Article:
On her first day of kindergarten on September 20, 2010, Molly Katherine Dunne was a seemingly healthy girl until she collapsed as she arrived at school. She was taken to Nemours by ambulance. After some testing, she went home with plans to follow up on an out-patient basis. However, the next night her condition worsened so we returned to Nemours where she was admitted. After many tests, Molly was diagnosed with Pulmonary Hypertension. Things happened quickly and we knew little of what this diagnosis meant. Molly underwent a cardiac catheterization to help determine a treatment plan and next steps. While in the catheterization lab, she had some complications followed by a cardiac arrest. She was revived but was not stable so she was placed on ECMO also known as heart-lung bypass. Over the next few days, attempts to wean from ECMO were unsuccessful. Molly was transferred to another children’s hospital to evaluate her for possible heart and/or lung transplant. There it was determined that she was very sick and unfortunately, not eligible for transplant. It was also determined that Molly had suffered a severe brain injury as a result of a stroke. Despite that, Molly got stronger and stronger and on December 20, 2010, Molly returned to Nemours where she stayed in the cardiac unit for three months as her care was stabilized and rehabilitative services were put in place.
During that time, many therapists from the intensive rehab team worked with Molly, as she worked hard to recover many of the skills of everyday life. Molly far surpassed the odds and proved how determined she was as she began to say a few words, eat by mouth, take some steps and even ride a bike! Molly was discharged home at the end of March 2011. She still had many challenges but continued to work hard as she attended out-patient rehabilitation at Nemours three days a week. Molly had a few hospitalizations here and there. She was followed by numerous specialists and departments within the Nemours network. Molly became a bit of a star and could barely go through the halls without seeing a member of her care team.
In February 2012, Molly was granted a Make A Wish where she traveled to Disney World to see her favorite princess, Ariel. Upon her return home, her condition worsened and during a subsequent admission, our family was introduced to the palliative care team.
Meeting the palliative care team became a turning point in our journey. Discussions were had and plans were made to try and make the most of the time we had left. We had been told early in Molly’s diagnosis that her prognosis was likely just two years. When we were initially told that timeframe, I don’t think we really heard or processed what that meant. But in meeting the palliative care team, we began to understand that our beautiful girl likely would not be with us much longer. To this day, I will never forget sitting with the team as Dr. Elissa Miller asked, “What do you want for Molly’s life?” That was the day that my perspective changed and despite all of the needed medical care, I became focused on living life, making each moment count. We slowly had many difficult conversations as Molly’s condition deteriorated but we also did things like the gargantuan task of packing up the family for an outing to have ice cream for dinner, painted pottery, had a shopping trip to the mall and soaked up all of the love and snuggles that we could. In talking with the palliative care team, we also garnered the strength and wisdom to have very honest yet extremely difficult conversations with Molly’s siblings, Ryan and her twin sister, Kate.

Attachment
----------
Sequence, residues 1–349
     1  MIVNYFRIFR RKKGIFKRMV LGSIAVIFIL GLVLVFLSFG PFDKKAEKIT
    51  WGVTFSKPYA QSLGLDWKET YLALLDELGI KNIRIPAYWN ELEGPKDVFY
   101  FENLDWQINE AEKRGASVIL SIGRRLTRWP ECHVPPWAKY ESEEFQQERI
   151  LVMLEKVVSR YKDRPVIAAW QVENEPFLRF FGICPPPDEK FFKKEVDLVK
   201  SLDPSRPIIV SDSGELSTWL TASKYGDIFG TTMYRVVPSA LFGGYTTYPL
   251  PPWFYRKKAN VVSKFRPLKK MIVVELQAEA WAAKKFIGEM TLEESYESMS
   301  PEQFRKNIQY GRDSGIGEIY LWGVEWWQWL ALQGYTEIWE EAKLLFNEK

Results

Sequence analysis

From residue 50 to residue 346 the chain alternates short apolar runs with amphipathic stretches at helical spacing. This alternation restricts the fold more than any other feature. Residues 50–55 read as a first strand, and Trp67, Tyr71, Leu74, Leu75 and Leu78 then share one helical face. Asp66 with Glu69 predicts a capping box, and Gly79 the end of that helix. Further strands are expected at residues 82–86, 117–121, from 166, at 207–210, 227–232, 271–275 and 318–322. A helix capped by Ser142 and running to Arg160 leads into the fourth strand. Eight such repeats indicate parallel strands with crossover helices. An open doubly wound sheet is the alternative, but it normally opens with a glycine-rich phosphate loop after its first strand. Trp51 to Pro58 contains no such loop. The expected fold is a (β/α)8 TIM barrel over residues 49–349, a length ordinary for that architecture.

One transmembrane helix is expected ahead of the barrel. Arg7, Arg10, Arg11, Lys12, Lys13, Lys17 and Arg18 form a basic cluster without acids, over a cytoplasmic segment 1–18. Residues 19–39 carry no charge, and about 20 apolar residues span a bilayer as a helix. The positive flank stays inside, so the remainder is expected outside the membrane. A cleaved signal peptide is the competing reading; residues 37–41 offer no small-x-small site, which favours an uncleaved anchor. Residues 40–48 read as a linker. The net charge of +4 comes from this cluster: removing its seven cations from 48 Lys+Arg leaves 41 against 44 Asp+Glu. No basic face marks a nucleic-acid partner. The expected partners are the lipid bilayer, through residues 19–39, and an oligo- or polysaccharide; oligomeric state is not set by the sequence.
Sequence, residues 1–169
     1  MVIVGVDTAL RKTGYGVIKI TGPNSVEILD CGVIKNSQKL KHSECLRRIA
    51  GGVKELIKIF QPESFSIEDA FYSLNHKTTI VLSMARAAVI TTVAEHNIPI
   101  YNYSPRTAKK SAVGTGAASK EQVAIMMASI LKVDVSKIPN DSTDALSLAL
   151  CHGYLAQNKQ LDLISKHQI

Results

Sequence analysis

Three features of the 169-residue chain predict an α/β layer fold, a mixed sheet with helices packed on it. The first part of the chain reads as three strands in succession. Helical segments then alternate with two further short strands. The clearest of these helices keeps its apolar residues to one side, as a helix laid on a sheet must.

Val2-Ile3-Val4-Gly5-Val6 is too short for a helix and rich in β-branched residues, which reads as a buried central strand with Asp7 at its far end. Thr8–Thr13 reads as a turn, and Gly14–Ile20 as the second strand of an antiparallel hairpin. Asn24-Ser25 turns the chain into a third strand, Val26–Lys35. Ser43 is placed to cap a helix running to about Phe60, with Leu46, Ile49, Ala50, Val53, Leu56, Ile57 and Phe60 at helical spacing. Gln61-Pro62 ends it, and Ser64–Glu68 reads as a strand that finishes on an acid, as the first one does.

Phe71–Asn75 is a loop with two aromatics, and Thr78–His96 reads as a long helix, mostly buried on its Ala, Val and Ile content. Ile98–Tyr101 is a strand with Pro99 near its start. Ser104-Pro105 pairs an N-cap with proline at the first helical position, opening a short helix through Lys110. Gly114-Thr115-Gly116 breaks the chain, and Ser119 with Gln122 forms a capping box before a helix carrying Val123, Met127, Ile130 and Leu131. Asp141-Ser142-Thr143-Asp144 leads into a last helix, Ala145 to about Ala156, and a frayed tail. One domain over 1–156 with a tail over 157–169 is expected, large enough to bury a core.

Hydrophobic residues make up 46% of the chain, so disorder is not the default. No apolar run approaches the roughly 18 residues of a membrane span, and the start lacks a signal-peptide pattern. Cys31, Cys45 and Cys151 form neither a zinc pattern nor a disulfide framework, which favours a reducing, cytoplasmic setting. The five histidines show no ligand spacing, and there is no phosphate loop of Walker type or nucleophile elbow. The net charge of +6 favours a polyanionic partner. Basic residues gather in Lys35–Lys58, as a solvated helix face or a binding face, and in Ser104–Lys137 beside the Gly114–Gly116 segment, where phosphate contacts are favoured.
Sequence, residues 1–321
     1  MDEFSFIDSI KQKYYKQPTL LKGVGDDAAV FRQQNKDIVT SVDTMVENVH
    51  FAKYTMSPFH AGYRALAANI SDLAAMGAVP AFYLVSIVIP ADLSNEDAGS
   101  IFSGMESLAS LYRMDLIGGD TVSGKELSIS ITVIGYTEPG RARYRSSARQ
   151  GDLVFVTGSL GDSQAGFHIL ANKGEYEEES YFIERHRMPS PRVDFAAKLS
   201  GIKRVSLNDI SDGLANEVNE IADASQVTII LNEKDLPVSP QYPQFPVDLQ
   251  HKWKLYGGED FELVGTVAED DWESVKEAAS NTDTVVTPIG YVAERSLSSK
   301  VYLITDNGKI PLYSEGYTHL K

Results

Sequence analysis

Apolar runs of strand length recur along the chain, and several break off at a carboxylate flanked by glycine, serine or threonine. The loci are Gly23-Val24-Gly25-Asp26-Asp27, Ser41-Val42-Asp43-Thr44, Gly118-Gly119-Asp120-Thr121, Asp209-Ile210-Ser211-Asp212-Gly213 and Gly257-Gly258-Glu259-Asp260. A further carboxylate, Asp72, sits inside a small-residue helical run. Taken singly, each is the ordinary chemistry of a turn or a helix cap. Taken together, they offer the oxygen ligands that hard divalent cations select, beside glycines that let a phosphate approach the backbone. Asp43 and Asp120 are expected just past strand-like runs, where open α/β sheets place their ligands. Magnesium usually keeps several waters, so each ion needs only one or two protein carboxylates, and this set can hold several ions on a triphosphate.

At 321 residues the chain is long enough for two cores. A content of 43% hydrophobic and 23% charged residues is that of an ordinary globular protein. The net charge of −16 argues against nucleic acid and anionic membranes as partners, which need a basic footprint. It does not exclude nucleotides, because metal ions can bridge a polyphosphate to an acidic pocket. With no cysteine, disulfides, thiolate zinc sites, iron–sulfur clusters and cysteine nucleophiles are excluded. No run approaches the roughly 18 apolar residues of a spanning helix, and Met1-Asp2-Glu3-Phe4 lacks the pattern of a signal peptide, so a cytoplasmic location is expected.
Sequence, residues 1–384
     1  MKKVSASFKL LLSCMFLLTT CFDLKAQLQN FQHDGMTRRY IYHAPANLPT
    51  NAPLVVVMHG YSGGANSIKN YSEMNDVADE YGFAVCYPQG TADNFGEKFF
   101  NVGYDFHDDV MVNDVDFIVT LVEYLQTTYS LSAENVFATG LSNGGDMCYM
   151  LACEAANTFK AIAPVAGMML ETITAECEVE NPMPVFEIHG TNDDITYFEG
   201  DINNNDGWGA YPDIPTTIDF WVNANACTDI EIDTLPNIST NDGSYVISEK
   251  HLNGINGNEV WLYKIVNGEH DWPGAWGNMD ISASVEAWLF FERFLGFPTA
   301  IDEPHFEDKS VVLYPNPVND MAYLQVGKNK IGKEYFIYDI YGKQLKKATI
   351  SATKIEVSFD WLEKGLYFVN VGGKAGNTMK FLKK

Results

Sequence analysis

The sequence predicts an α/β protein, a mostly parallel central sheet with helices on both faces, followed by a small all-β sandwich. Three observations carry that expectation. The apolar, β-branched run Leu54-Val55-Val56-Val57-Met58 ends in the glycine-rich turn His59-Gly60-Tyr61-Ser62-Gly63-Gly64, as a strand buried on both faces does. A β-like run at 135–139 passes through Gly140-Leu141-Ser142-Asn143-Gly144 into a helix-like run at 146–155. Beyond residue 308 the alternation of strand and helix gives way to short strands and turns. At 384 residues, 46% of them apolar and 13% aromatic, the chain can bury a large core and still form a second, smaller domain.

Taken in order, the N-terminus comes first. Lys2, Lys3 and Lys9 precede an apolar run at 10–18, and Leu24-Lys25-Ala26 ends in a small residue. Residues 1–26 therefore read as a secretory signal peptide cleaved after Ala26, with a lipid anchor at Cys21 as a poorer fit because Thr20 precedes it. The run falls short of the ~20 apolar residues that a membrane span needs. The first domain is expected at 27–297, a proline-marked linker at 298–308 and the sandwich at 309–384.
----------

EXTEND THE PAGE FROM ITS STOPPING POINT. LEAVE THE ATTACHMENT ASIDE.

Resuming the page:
In the early morning hours of May 17, 2012 surrounded by loving family and friends, Molly, age seven, passed away peacefully at home.
It has been over ten years since Molly’s passing. It never gets easier and we miss her more than words can convey. But one of the most beautiful gifts our family received from Nemours was not only care while Molly was sick but also support in losing her and mourning her loss. You NEVER get over the loss of a child, EVER. But we also knew our two other children needed our love and attention. We found that Ryan and Kate, along with so many other siblings, need to be reassured that they too can grow up and live life. While the loss of their sibling is never erased, helping them to understand they have permission to live. That more than anything, they too deserve happiness as losing a child changes so much in a family’s dynamic. For us, it became so important for our two remaining children to know that they cannot get lost in this sea of grief, life does go on. Ryan and Kate have processed the loss of their sister in completely different ways over the years. With the knowledge and support from the palliative care team, love from family, friends and even some therapy, our family has healed. We have worked to give back. The Miracles for Molly Dunne Foundation helped fund Camp Molly at Nemours, which is a grief support camp specifically for siblings. While the loss of a child is devastating and we wish it didn’t happen, it is our hope that Camp Molly will be around to support siblings in need for years to come.